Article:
Yes, we are in the prime shopping period of the year, but Americans do not stop shopping on Christmas Eve. Many retailers, while getting a boost from the holiday season, do well 12 months a year. Indeed, some retailers do well not just seasonally, but are well positioned no matter what is happening in the nation's economy.
One such retail "subspecies" that does well year round and in a variety of economic conditions is the so-called dollar stores. These retailers sell lots of individual items at low prices, often for around a buck. The stores are small and plentiful, making them convenient to a wide variety of shoppers who are looking to stretch their money, and relatively inexpensive to run.
Lest you think only lower-income folks frequent such stores, a few years ago The New York Times reported that while 42% of dollar-store customers earn no more than $30,000 a year, driving the industry's growth were affluent households. Lots of better-off consumers love a bargain.
The two big players in the dollar-store industry are Dollar Tree (DLTR) and Dollar General (DG). Dollar Tree, which only sells items for $1 or less, operates over 14,000 stores in the U.S. and Canada. Dollar General, which sells items for more than $1 but always priced at a heavy discount, has 12,000 stores in the U.S.
To choose stocks to recommend, I rely on a bundle of automated strategies I created that mirror how highly respected investors decide where to put their money.
One of these strategies, based on the writings of James P. O'Shaughnessy, favors Dollar Tree. It likes the company's large market cap ($18.3 billion), earnings per share that have increased in each of the last five years, and its price-to-sales ratio, which identifies growth stocks still cheap to buy. Finally, the strategy looks at the stock's relative strength, which is how well the stock has performed in the past 12 months vs. the market's performance. The O'Shaughnessy-based strategy picks 50 stocks worth buying based on all of these variables, and Dollar Tree comes up as a definite "buy."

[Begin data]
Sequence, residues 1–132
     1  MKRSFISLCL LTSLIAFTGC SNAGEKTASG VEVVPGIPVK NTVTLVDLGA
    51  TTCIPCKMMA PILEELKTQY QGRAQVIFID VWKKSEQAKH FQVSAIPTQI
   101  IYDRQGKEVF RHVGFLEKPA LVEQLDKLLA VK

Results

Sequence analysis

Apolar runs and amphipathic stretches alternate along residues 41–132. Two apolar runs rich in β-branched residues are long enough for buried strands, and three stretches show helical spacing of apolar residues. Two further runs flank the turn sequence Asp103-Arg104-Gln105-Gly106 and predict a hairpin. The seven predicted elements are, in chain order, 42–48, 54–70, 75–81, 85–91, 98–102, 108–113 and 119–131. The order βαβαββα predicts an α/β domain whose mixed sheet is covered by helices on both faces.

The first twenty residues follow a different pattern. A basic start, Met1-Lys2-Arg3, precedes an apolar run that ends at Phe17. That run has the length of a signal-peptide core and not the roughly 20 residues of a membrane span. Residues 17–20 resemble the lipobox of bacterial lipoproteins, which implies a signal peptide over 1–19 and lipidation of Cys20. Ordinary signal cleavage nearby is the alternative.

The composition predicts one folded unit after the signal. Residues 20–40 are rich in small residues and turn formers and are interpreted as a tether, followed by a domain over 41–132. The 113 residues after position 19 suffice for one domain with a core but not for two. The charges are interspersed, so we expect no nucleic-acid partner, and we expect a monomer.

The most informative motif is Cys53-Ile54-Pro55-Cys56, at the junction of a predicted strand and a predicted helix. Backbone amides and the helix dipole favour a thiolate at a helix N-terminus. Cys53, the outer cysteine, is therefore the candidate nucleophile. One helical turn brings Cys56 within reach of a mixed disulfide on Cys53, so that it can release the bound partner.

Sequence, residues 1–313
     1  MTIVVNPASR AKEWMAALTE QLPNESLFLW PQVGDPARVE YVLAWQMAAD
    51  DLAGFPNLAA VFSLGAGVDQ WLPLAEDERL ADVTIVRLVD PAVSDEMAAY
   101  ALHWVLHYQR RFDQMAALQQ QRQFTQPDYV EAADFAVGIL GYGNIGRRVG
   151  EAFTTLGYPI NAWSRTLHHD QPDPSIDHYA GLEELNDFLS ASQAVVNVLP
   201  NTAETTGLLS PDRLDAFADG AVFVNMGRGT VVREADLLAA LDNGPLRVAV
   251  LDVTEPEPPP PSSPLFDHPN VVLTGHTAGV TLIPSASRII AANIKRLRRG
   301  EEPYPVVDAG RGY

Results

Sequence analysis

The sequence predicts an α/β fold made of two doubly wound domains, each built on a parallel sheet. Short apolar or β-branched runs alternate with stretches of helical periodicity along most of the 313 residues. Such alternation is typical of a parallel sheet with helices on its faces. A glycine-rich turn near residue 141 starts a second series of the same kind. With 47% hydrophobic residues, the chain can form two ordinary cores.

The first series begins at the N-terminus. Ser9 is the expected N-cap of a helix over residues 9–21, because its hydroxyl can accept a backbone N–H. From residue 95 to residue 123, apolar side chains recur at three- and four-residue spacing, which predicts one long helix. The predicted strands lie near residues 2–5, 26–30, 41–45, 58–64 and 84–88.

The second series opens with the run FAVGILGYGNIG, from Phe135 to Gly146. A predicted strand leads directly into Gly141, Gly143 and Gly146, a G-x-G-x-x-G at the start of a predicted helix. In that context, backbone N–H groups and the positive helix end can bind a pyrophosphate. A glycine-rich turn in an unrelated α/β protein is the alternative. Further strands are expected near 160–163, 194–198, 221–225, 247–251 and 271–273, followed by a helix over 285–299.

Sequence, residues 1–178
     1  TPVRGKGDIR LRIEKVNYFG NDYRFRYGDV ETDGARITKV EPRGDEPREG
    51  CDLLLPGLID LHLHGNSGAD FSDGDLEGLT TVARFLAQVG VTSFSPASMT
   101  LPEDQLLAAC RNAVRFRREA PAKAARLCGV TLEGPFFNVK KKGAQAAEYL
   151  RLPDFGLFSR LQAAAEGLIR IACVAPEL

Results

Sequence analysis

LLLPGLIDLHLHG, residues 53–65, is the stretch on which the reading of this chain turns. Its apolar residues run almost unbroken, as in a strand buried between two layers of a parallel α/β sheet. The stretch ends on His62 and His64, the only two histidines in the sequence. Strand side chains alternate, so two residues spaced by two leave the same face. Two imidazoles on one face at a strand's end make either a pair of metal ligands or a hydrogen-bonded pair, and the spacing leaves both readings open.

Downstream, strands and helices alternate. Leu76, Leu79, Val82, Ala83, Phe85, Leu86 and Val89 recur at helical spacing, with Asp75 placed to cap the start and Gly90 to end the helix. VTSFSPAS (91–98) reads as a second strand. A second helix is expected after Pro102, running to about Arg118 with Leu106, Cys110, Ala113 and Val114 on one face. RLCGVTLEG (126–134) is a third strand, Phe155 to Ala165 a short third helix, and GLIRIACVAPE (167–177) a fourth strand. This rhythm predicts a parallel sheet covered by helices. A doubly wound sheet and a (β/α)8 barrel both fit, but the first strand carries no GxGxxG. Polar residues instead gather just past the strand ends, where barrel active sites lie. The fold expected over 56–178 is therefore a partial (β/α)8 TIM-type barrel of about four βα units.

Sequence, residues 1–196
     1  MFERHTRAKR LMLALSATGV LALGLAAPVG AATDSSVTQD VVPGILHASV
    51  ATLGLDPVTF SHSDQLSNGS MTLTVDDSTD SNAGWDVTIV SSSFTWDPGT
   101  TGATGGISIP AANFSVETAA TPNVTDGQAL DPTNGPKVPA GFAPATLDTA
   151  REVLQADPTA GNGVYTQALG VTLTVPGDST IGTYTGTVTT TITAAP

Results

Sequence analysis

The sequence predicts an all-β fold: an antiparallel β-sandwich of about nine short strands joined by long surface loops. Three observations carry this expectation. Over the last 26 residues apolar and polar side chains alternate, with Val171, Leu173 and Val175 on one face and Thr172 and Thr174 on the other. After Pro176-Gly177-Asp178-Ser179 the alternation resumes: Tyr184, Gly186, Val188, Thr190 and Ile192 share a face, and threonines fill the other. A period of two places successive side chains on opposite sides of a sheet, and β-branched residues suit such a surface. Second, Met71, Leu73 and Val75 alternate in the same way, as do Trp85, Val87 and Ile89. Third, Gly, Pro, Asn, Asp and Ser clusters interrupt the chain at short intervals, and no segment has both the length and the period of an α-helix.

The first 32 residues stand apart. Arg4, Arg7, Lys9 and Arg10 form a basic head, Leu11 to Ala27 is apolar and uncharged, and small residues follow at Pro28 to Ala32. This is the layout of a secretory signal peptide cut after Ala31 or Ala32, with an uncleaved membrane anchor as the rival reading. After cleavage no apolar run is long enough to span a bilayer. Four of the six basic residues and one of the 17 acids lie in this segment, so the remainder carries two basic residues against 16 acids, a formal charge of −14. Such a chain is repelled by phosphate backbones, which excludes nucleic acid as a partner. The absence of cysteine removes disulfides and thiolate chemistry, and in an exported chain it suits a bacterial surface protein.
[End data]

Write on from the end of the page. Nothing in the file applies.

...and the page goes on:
So does its big competitor, Dollar General. This company has an approximate $20.7 billion market cap, earnings that have increased consistently for five years, a low price-to-sales ratio and relative strength that places its stock in the top 50, like Dollar Tree.
Let me also note that Dollar General is not only favored by my O'Shaughnessy strategy, but another strategy I created based on the writings of Peter Lynch. The primary variable used in the Lynch strategy is price-to-earnings relative to growth, the PEG ratio, which measures how much the investor is paying for growth given the stock's current price. The PEG cannot be more than 1.0 for a stock to earn this strategy's recommendation, and Dollar General's PEG is 0.92.
Any way you look at it, Dollar General is a well-priced stock.
Now's a good time to think about Dollar Tree and Dollar General, not only as investments, but as places to buy your needed stocking stuffers.